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Bob Weeks

TSN Senior Reporter


If the International Team is going to snap the losing streak at the Presidents Cup, its best players have to be its best players. Last time out, the top golfer on the squad simply wasn’t that.

Jason Day was ranked No. 2 in the world when the International team played in Korea in 2015, battling the U.S. before eventually losing by a single point. Captain Nick Price was counting on him to lead the way, to be a point-grabbing machine.

Instead, Day only managed just a half-point, that coming when he partnered with Adam Scott to tie Phil Mickelson and Zach Johnson.

A half-point simply won’t cut it this time and Day knows that.

“I let the team down two years ago in Korea,” he acknowledged. “I didn't have a good Presidents Cup and it was close. If I actually played well, we probably would have had a good shot at winning. Unfortunately I take the blame for that. I didn't play good. I was ranked No. 1 on the team for a reason, and I didn't show up.”

Part of the reason could have been the frenetic pace Day was on leading into that event. He won four tournaments over a six-week period (including the RBC Canadian Open) and admitted to being burnt out.

The Presidents Cup simply wasn’t a priority for him as he struggled to keep his energy level up.

That’s not the case this time. Day’s ranking has slipped since the last Presidents Cup. He comes into this week as No. 7 in the world, still the second-highest among the International team players. His season has been mediocre by his lofty standards as he dealt with a recurring back ailment.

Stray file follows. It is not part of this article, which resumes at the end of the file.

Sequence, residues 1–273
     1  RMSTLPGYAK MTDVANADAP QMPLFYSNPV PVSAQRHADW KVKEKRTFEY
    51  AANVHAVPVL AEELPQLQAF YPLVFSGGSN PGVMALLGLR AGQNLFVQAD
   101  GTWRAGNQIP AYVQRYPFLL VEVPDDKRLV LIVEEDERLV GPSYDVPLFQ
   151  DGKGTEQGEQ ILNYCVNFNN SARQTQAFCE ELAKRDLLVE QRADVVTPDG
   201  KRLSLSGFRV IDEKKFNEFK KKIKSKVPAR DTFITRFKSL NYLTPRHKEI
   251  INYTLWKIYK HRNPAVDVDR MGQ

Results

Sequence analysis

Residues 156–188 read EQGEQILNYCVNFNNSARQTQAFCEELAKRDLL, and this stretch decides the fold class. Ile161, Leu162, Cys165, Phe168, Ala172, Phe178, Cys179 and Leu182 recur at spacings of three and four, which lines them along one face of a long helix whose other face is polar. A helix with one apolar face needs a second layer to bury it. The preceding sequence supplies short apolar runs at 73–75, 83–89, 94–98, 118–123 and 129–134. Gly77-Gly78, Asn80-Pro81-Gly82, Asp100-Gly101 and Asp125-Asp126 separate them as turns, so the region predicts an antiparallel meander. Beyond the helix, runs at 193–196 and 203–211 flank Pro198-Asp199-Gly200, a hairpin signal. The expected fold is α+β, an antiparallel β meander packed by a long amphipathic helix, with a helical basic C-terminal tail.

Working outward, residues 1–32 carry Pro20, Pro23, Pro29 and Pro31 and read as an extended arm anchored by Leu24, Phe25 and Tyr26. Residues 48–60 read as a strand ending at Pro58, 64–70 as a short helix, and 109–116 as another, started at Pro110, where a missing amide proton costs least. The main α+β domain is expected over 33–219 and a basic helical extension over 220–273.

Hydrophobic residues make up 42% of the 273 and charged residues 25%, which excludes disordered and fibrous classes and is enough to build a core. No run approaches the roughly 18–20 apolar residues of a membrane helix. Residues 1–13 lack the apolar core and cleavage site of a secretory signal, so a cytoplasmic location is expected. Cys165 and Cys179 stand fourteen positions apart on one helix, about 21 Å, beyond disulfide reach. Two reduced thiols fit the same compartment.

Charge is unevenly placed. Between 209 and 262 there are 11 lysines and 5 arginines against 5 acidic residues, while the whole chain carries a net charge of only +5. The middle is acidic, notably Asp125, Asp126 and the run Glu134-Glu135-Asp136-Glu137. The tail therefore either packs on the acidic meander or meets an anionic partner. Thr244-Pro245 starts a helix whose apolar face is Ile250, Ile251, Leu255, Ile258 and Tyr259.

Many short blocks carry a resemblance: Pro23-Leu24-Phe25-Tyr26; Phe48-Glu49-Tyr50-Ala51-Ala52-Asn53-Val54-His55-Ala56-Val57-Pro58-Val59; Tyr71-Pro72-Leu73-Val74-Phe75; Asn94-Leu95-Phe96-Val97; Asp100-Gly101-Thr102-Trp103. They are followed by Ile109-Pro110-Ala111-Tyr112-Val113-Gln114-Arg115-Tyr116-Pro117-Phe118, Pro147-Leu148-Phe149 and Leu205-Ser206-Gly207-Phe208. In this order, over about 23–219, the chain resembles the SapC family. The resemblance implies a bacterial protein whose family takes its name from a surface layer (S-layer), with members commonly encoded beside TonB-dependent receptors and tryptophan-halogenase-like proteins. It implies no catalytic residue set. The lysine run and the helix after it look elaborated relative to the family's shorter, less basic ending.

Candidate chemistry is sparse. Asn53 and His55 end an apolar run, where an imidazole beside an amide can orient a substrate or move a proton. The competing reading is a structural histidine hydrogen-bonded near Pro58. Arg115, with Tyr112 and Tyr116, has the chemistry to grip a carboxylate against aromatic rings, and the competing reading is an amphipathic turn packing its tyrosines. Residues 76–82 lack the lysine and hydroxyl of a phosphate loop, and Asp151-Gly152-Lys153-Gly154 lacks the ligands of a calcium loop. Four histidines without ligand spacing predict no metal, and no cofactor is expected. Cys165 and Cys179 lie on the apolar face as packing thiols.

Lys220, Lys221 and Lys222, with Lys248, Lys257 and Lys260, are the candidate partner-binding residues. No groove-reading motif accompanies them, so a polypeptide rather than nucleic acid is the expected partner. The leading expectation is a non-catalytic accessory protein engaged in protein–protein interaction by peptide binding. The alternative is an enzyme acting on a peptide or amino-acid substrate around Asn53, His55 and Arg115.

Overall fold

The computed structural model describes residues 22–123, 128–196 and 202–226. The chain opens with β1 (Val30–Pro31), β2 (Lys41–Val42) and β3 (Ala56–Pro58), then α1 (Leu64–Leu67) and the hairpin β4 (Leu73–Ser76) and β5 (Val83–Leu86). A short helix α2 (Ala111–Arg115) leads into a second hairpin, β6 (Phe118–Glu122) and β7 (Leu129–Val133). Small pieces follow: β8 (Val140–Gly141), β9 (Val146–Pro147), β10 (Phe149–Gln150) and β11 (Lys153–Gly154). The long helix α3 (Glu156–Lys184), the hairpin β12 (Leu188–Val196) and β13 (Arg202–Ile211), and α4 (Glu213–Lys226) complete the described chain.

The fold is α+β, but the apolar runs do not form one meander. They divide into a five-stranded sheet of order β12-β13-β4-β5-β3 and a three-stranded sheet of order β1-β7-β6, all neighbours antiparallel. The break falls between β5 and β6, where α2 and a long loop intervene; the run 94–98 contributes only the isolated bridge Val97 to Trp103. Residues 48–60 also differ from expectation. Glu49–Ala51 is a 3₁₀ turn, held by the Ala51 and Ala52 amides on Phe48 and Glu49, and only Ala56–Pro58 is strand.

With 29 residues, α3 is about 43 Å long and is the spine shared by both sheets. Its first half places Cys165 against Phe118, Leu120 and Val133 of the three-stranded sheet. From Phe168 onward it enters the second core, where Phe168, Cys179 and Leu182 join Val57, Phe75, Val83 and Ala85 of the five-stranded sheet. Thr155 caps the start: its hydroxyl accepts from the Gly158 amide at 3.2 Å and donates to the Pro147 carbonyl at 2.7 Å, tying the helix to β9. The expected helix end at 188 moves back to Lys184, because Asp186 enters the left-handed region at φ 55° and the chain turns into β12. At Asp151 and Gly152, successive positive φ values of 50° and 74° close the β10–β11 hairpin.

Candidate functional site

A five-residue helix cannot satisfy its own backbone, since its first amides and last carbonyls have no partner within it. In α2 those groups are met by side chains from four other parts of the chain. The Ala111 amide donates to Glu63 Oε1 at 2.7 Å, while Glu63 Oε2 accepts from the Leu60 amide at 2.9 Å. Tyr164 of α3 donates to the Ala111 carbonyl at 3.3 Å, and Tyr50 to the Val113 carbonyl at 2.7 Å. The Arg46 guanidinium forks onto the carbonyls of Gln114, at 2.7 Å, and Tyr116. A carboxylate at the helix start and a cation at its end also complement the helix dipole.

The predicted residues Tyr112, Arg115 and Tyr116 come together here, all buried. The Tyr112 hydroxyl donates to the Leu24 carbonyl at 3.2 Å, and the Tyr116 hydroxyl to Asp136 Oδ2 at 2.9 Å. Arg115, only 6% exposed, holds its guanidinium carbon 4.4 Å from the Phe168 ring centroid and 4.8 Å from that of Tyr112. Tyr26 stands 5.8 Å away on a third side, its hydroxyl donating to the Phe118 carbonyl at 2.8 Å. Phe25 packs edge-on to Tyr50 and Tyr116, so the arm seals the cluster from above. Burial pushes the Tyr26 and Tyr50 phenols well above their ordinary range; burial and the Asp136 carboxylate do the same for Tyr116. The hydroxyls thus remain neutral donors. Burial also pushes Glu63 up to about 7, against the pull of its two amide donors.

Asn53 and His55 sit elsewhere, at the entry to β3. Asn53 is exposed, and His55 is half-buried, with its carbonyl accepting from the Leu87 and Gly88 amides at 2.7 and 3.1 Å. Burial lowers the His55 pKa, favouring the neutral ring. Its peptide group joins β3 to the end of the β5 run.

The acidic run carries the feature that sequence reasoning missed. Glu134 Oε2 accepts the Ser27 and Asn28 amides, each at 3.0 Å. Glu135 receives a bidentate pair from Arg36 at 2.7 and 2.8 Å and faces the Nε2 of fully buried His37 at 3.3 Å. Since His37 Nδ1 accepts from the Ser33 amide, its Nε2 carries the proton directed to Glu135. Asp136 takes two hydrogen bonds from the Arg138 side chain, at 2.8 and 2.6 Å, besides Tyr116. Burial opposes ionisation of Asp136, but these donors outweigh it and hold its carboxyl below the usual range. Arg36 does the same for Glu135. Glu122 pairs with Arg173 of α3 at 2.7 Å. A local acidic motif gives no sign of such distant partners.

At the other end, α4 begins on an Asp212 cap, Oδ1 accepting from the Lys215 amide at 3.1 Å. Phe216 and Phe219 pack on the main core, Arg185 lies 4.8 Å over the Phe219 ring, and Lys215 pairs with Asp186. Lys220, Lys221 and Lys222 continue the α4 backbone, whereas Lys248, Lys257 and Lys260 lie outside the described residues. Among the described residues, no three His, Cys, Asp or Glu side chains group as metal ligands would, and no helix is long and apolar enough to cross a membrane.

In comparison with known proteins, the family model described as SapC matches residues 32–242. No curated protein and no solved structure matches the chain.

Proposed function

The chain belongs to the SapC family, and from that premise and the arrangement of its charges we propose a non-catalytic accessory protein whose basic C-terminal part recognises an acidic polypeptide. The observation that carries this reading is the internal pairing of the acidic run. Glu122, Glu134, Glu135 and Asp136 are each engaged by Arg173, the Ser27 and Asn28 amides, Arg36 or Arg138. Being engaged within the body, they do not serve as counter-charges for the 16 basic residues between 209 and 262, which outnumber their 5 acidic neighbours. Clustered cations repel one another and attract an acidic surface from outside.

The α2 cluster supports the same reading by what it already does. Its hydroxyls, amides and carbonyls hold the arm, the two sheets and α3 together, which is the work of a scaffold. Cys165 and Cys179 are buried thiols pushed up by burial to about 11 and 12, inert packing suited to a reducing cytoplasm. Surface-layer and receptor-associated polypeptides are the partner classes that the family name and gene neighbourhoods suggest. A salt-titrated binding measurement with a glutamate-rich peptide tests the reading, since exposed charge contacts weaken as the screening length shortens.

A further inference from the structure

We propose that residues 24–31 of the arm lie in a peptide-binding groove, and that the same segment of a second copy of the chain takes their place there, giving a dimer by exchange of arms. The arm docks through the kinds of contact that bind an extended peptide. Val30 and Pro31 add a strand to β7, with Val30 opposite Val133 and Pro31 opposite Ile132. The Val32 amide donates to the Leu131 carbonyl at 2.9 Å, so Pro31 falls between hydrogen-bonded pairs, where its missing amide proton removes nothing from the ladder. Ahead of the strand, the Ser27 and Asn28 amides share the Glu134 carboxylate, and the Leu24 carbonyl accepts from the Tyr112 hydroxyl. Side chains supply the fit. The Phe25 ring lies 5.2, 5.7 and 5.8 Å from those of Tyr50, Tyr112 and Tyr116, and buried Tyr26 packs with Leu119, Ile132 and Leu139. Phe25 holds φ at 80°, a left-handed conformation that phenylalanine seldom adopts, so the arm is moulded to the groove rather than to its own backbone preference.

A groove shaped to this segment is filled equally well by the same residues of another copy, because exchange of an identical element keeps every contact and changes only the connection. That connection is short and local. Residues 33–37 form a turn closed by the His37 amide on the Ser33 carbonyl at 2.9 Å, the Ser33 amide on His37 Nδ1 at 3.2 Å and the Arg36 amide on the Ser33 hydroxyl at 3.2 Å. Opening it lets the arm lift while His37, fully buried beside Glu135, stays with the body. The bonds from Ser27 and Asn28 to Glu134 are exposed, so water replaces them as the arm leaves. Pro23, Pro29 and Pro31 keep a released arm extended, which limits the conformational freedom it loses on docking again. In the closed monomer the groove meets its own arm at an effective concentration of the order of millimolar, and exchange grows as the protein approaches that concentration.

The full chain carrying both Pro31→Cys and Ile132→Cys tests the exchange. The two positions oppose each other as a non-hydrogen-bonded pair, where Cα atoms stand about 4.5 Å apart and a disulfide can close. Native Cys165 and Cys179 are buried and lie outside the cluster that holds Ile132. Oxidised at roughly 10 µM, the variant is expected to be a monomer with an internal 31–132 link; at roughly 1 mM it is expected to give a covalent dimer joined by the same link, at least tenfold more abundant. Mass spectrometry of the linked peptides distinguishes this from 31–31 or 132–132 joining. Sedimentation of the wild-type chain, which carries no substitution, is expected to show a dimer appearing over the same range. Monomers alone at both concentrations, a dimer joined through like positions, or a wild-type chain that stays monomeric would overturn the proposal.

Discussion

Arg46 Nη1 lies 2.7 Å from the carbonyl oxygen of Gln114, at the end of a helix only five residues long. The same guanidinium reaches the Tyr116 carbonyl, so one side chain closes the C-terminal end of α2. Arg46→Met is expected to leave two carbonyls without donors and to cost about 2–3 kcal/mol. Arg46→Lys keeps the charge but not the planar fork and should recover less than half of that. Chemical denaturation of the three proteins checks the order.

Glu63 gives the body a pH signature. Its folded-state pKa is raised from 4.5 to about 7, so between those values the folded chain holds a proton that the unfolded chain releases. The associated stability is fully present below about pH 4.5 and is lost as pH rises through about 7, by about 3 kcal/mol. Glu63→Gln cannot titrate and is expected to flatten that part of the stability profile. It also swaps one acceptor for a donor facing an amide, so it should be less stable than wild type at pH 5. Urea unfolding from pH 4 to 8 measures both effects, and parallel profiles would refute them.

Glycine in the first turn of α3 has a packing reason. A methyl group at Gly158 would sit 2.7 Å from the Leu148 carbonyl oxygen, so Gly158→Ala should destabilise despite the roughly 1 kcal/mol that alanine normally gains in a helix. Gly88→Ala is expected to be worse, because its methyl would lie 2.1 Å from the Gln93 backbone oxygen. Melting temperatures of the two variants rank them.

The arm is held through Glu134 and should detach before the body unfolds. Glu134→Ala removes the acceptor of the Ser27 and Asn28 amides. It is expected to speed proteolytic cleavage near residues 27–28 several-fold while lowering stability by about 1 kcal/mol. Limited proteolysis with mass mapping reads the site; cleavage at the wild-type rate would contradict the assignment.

Still, he seemed to be hitting his stride late in the year with his last five finishes all inside the top 25.

Once again, he’ll be expected to deliver a few points for the International team but this time, he’s ready and motivated even if the odds seem to favour another American win.

“I don't think we've got a lot of pressure because I think a lot of people are kind of writing us off already and we're all solid players,” Day stated. “On our weeks, we can beat anyone, and that goes throughout the whole team here.”

There are eight players returning from the 2015 team that lost by just a single point, which should give Price’s squad some encouragement. The close finish seemed to energize a team that had become tired of getting hammered time and again.

“I guess we know that we have a shot at winning if we play well,” said Day. “[The result in] 2015 was a huge indication of that, and I think we come into this week feeling a lot better about ourselves knowing that we do have an opportunity to beat the American side, even though they have pretty much – it's been one sided throughout the years.”

Day said that the atmosphere in the team room is different this time. It’s less like pigs going to a slaughterhouse and more like a team that just needs a few more points to break the long dry spell. There is optimism, hope and the understanding that they have the talent to win the Presidents Cup for the first time since 1998.

Of course, how Day plays will go a long way in determining the outcome of these matches. He knows the role he must play and how his teammates are counting on him.

“I'm hoping that I can redeem myself this week,” he said, punctuating the remark with a chuckle. “It would be nice to be able to get more than the points that I got back in 2015.”

A half-point isn’t going to cut it this time.